MexECON Blog

January PMI Falls to 52.6

Mexico's January purchasing managers index for manufacturing (PMI) fell to a seasonally-adjusted 52.6, after revised readings of 54.1 in December and 52.0 in November.  According to the report, from Banco de México and the official statistics agency INEGI, the decline in January came in large part from the heavily weighted subindex on new orders.  That subindex fell to 54.3, after readings of 55.8 in December and 54.0 in November.  The subindex on production fell to 56.3, after readings of 57.2 and 53.2 in the previous two months.  The subindex on inventories slipped to 49.8, after 16 straight months above 50.  In contrast, the subindex on employment rose to 52.3, and the subindex on supplier deliveries edged up to 47.7.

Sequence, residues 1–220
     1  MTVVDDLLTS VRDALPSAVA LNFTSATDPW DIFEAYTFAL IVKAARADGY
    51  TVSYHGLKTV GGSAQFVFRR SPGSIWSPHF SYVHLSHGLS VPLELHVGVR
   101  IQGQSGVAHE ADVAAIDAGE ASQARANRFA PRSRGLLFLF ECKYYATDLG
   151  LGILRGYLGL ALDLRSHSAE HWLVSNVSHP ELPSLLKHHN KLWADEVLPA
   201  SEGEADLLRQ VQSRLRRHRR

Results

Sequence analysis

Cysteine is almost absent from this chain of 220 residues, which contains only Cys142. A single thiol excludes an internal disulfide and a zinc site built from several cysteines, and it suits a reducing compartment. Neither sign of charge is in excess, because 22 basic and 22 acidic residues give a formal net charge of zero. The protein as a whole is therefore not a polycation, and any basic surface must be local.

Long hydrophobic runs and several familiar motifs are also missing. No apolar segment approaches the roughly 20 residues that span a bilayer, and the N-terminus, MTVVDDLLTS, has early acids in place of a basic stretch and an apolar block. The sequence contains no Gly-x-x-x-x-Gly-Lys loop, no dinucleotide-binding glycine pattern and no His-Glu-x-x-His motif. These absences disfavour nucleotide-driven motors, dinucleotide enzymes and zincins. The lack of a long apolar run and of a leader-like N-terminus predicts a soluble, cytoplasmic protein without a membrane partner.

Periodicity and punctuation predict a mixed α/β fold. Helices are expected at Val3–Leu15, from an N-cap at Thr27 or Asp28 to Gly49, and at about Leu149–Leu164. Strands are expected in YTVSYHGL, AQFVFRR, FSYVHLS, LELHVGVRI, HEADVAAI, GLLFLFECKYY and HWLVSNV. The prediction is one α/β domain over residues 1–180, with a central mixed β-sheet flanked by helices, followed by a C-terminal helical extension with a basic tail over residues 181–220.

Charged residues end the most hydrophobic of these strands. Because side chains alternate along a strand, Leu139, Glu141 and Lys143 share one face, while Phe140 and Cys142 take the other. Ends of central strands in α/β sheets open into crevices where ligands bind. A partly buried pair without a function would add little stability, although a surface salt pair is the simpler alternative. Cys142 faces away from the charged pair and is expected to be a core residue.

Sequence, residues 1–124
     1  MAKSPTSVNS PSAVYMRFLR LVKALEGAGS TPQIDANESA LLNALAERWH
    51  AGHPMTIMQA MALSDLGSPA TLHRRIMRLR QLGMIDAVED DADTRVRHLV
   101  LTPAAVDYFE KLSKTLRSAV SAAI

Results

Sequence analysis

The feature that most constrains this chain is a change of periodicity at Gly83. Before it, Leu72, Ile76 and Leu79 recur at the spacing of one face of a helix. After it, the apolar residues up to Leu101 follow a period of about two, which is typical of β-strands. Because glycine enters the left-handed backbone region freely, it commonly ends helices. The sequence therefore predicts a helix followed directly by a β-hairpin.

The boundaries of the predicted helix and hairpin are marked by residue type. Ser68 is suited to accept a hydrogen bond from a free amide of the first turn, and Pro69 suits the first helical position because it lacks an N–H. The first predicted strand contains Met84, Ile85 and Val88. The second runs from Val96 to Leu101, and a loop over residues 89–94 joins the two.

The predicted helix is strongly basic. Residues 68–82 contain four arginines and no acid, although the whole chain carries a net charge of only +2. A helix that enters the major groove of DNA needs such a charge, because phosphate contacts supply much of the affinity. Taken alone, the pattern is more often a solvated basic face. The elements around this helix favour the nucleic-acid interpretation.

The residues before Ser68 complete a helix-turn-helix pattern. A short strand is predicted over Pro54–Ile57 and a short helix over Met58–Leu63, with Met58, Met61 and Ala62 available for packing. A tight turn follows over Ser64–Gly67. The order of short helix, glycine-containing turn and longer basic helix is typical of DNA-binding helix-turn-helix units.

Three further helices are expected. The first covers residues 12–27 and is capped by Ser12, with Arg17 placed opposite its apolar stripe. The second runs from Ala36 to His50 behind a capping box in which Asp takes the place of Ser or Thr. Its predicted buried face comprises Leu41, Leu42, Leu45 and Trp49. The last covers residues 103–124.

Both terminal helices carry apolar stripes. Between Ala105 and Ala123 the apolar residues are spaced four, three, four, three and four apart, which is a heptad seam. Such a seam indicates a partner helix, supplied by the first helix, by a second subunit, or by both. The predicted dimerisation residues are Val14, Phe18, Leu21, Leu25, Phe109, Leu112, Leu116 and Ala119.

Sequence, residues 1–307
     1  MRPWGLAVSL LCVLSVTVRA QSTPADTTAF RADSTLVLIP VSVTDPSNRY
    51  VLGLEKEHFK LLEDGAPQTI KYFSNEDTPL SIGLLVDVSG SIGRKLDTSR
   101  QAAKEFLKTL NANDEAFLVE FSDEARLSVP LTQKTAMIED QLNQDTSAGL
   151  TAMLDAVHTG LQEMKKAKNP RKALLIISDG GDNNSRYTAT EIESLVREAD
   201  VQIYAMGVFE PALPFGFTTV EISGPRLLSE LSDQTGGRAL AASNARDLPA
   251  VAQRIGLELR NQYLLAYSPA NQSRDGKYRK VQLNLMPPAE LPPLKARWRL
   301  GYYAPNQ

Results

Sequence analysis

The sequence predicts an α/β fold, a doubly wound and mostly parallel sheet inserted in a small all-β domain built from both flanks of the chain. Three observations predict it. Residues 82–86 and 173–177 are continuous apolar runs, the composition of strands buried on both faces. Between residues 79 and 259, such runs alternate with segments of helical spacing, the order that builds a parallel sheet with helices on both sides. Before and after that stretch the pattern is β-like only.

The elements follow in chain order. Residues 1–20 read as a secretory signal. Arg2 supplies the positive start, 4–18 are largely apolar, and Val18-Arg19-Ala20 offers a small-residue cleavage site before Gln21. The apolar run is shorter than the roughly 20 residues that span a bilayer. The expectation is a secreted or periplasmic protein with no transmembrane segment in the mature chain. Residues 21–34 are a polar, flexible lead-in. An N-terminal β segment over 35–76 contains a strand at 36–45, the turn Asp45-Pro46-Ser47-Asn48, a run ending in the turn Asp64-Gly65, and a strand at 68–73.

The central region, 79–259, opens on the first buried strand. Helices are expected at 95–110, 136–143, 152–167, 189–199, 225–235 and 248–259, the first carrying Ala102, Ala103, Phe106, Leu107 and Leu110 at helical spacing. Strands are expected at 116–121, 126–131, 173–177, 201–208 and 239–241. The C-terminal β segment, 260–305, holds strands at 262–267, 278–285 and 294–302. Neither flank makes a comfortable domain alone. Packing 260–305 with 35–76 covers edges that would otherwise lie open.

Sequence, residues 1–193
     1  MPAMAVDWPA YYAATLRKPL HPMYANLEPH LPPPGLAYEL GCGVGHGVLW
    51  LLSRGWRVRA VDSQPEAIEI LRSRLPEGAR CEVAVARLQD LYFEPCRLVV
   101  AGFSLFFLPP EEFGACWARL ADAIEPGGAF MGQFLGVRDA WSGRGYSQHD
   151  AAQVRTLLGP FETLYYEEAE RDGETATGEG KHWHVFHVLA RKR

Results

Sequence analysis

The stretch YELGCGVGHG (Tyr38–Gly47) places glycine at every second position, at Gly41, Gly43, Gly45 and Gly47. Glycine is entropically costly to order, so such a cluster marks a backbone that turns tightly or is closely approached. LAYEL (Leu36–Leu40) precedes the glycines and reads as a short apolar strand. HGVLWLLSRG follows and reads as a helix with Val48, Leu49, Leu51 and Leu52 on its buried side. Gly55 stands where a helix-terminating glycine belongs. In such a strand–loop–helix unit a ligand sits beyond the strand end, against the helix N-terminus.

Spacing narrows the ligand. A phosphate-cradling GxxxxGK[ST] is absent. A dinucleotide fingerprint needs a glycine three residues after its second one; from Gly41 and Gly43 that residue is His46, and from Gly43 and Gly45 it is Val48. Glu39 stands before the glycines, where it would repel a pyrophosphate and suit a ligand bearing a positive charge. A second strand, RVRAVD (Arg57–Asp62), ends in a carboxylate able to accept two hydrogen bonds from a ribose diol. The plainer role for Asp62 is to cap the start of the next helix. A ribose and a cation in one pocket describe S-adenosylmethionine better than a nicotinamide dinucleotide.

Comment:  The PMI is designed so that readings over 50 point to expanding activity.  The report for January therefore suggests that Mexico's manufacturing sector is still growing, as it has been for the last 29 months, and that its growth is broad based.  Early in the current recovery, Mexican manufacturing growth mostly reflected a recovery in exports, as U.S. firms rebuilt inventories.  Exports are still growing, but the pace has slowed, and U.S. demand now seems to come largely from modestly increasing consumption and investment.  Fortunately, Mexico's own domestic demand is now in a strong upswing, providing new stimulus for the country's factories.  As long as the European debt crisis does not get dramatically worse and Asian economic growth does not slow too much, Mexico's manufacturing sector is likely to keep growing well in the coming months.

Patrick Fearon, CFA
Vice President, Fund Management

PMI 1201

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